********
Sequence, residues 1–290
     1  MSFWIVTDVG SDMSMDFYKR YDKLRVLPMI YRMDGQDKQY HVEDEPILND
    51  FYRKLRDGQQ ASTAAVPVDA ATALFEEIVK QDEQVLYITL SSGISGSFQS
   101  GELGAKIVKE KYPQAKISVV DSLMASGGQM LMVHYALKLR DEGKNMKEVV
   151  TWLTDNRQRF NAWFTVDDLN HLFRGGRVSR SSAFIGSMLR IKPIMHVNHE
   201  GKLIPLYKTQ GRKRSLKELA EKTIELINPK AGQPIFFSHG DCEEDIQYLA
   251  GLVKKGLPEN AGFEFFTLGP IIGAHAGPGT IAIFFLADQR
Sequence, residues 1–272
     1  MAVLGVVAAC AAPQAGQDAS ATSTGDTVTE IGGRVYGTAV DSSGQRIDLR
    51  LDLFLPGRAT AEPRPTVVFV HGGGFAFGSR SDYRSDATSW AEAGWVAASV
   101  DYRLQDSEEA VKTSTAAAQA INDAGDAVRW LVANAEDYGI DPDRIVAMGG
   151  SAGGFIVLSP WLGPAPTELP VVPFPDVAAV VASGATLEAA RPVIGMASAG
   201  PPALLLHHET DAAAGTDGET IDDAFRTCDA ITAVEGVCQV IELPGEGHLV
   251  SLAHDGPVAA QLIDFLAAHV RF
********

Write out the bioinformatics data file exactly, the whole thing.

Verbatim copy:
Sequence, residues 1–290
     1  MSFWIVTDVG SDMSMDFYKR YDKLRVLPMI YRMDGQDKQY HVEDEPILND
    51  FYRKLRDGQQ ASTAAVPVDA ATALFEEIVK QDEQVLYITL SSGISGSFQS
   101  GELGAKIVKE KYPQAKISVV DSLMASGGQM LMVHYALKLR DEGKNMKEVV
   151  TWLTDNRQRF NAWFTVDDLN HLFRGGRVSR SSAFIGSMLR IKPIMHVNHE
   201  GKLIPLYKTQ GRKRSLKELA EKTIELINPK AGQPIFFSHG DCEEDIQYLA
   251  GLVKKGLPEN AGFEFFTLGP IIGAHAGPGT IAIFFLADQR
Sequence, residues 1–272
     1  MAVLGVVAAC AAPQAGQDAS ATSTGDTVTE IGGRVYGTAV DSSGQRIDLR
    51  LDLFLPGRAT AEPRPTVVFV HGGGFAFGSR SDYRSDATSW AEAGWVAASV
   101  DYRLQDSEEA VKTSTAAAQA INDAGDAVRW LVANAEDYGI DPDRIVAMGG
   151  SAGGFIVLSP WLGPAPTELP VVPFPDVAAV VASGATLEAA RPVIGMASAG
   201  PPALLLHHET DAAAGTDGET IDDAFRTCDA ITAVEGVCQV IELPGEGHLV
   251  SLAHDGPVAA QLIDFLAAHV RF